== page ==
That’s why I would imagine that the Keto Carb Cycle with one day of refeeding is better than the commonly used CKD version where you eat high carb for 2 days straight. I’ve used both of them and I must say that the Keto Cycle is better for ketosis as well as performance.
Which One Should You Choose?
But cyclical ketogenic diet vs ketogenic diet continues and the crowd awaits for an answer. Which one should you choose?
If you can circumvent all the negative side effects of carb cycling and maintain nutritional ketosis despite of it, then wouldn’t it be a more sustainable option?
Indeed, our primal physiology is supposed to alter between periods of metabolic flexibility. But the CKD is not for everyone.
Who Should Do the Cyclical Ketogenic Diet?
Questions You Need to Ask Yourself
- What am I trying to accomplish?
- If your goal is pure weight loss, then you can either stick to SKD or have longer keto cycles.
- In the case of performance and muscle building, you would benefit from more frequent refeeds.
- How long have I done keto? Initially, you should follow SKD for about a month, before you try CKD. It can be done with 2-3 weeks as well, but the longer you do it the better you become at using ketones for fuel.
- What’s my medical condition? If you’re diabetic, then it would be better to stick to strict nutritional ketosis. Eating some clean carbs won’t damage your health on the Keto Carb Cycle but if you want to reverse your illness completely, then I would stay on SKD.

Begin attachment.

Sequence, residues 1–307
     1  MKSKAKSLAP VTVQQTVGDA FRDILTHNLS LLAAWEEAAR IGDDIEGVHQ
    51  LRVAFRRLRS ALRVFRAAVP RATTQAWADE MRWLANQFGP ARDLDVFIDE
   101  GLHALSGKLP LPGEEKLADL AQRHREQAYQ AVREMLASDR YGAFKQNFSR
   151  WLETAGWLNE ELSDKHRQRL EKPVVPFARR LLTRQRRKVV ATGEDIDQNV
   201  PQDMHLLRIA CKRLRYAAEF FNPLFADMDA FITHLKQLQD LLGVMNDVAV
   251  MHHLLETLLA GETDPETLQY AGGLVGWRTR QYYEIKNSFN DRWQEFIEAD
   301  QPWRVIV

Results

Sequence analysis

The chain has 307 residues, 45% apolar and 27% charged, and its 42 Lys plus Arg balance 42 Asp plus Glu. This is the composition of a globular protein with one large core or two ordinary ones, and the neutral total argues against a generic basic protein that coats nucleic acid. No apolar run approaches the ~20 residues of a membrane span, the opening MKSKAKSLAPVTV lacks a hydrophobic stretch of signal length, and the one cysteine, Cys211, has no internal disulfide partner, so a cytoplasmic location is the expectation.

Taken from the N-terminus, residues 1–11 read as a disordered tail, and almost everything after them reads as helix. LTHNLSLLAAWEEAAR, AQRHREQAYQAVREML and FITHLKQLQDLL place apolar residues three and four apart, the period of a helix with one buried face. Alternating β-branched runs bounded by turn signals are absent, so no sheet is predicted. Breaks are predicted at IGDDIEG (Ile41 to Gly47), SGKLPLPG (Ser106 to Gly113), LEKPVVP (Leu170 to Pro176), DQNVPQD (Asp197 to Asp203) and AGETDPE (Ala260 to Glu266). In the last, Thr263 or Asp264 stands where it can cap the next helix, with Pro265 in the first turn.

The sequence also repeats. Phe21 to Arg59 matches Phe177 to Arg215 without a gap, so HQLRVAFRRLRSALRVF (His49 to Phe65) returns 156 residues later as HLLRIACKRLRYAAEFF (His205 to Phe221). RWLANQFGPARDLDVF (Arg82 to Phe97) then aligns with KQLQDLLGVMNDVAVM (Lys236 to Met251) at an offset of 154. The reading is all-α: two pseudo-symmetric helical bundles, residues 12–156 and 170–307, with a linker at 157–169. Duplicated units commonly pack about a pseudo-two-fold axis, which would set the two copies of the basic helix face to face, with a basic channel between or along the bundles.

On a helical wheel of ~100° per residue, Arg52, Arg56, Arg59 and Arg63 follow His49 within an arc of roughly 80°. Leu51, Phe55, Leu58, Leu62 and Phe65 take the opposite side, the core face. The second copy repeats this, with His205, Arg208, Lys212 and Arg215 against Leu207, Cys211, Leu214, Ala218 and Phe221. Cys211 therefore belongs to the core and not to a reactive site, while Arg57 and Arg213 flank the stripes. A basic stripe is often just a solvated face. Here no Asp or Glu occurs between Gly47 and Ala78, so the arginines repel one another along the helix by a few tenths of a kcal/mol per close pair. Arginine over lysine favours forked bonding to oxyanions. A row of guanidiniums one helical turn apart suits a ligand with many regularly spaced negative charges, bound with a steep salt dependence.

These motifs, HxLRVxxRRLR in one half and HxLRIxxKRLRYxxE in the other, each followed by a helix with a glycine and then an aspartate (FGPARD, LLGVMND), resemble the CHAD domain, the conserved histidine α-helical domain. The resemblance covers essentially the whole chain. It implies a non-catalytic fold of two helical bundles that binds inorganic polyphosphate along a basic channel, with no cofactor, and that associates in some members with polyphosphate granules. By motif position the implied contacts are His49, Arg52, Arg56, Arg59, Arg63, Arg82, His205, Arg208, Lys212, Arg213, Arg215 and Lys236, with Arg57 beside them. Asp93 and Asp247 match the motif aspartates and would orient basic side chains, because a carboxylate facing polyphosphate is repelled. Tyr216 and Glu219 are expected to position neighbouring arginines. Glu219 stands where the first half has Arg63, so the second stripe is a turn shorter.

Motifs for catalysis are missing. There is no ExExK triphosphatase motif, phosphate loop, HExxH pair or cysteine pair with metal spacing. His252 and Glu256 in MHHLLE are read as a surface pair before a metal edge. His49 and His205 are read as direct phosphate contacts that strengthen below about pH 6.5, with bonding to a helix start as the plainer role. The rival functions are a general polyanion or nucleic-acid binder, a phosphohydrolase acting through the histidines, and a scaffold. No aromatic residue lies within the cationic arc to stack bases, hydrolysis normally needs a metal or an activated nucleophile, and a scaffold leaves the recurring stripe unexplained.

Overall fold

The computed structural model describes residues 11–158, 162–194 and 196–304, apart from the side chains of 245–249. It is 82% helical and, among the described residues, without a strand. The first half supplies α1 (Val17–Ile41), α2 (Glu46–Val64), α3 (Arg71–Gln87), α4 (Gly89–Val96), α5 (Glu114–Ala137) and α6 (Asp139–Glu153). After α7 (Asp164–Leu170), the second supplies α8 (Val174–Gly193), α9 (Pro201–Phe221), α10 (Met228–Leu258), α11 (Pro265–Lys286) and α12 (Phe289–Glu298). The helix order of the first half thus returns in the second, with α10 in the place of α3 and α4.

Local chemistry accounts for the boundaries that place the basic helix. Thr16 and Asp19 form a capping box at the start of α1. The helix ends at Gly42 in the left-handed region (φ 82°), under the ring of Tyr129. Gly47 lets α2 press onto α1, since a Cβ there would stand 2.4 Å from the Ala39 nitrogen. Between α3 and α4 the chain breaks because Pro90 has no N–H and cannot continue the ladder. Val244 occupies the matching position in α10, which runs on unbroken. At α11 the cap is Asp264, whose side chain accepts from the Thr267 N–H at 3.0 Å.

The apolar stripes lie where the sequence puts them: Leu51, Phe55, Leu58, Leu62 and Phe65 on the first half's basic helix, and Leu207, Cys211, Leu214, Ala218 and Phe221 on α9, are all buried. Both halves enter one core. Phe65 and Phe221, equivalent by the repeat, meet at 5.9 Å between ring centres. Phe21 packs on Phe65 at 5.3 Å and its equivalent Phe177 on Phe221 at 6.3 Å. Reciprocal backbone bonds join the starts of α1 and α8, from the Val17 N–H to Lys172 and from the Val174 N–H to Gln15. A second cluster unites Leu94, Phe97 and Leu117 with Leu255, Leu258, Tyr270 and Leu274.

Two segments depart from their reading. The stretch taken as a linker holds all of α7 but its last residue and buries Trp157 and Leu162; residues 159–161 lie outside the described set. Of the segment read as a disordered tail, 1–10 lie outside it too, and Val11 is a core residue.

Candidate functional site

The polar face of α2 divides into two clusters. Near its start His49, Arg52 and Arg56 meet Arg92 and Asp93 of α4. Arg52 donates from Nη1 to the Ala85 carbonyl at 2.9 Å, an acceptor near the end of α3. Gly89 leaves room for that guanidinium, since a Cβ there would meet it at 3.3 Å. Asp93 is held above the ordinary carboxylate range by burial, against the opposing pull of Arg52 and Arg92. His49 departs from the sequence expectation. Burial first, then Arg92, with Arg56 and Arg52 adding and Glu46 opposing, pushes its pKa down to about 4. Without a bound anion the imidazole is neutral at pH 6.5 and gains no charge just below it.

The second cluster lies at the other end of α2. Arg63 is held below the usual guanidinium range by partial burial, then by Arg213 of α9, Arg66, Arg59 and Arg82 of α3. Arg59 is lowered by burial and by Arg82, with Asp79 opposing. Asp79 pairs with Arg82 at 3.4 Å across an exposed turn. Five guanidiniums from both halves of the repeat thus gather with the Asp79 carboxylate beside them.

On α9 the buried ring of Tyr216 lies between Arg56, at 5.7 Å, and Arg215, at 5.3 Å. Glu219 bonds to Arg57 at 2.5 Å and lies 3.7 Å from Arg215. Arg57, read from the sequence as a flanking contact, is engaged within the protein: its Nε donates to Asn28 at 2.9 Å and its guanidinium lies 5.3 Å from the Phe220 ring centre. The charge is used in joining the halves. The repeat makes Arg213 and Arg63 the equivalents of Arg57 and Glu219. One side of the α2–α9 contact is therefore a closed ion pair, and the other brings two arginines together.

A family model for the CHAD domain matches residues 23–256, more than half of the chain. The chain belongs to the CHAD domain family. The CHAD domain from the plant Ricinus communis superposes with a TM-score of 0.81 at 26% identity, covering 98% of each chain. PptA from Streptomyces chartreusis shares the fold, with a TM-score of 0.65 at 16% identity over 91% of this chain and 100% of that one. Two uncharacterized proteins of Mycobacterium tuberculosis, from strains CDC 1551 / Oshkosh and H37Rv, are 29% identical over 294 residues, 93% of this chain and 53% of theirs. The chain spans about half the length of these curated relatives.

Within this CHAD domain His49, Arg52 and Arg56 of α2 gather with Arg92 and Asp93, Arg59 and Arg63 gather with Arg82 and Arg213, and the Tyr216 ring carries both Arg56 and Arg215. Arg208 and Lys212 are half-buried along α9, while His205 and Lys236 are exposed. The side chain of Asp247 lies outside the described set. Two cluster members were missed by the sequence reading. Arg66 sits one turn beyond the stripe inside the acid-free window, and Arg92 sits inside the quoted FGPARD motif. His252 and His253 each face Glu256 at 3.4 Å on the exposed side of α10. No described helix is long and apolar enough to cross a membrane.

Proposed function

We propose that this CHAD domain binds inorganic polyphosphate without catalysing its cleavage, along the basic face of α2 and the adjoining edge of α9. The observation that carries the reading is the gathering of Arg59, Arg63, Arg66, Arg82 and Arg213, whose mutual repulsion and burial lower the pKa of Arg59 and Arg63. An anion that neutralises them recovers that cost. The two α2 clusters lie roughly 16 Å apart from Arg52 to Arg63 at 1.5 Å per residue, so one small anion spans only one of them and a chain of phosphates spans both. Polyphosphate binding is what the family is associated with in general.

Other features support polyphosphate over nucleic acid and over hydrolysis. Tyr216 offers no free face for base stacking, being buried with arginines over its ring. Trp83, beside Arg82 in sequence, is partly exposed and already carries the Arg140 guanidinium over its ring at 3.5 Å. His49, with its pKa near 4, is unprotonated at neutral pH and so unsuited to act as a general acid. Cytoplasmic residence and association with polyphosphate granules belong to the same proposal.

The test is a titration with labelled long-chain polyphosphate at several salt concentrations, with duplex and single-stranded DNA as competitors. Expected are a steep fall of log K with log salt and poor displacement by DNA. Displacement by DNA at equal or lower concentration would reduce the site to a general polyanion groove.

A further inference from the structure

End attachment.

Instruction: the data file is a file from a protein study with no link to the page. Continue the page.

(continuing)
- Do I need carbs? Some people react better to keto than others. It mainly has to do with how well adapted you are. Being psychologically dependent of carbohydrates may also create a placebo-like feeling of exhaustion. Your body is fine, but your mind is still addicted to sugar. One thing for sure, the longer you stay in ketosis the better you become at burning fat.
Choose Your Keto
Whatever the case may be, you’d benefit greatly from understanding the principles of your own physiology and keto, both with or without carbs.
One essential thing to know is that our bodies are never stagnant. Our metabolic conditions are in an everlasting state of flux. What I ate yesterday may not be the same as today or tomorrow.
Eating the same things year round is not what our physiology is adapted to. Seasonality, droughts, famine all follow random patterns in nature. Our body is supposed to function using different fuel sources.
We want to be able to burn our own body fat effortlessly. At the same time, we don’t want to develop gluten intolerance just because of not eating it or to become insulin resistance. Even more, getting brain fog after one day of carbs is not optimal for our performance or mood.
That’s why I would advise everyone to occasionally cycle off keto as to instigate other metabolic processes and to bring some variation into the diet.
Luckily, after years of practice, I’ve created a 30-day cyclical ketogenic diet meal plan that’s structured in a way to avoid all the flu symptoms. It has all the knowledge on how many carbs to eat and gives you 50+ recipes with exact quantities and macros. A must have for any keto-practitioner.
[i] Sharp, M.S., Lowery, R.P., Shields, K.A., Hollmer, C.A., Lane, J.R., Partl, J.M., … & Wilson, J.M. (2015). The 8 Week Effects of Very Low Carbohydrate Dieting vs Very Low Carbohydrate Dieting with Refeed on Body Composition. NSCA National Conference, Orlando, FL.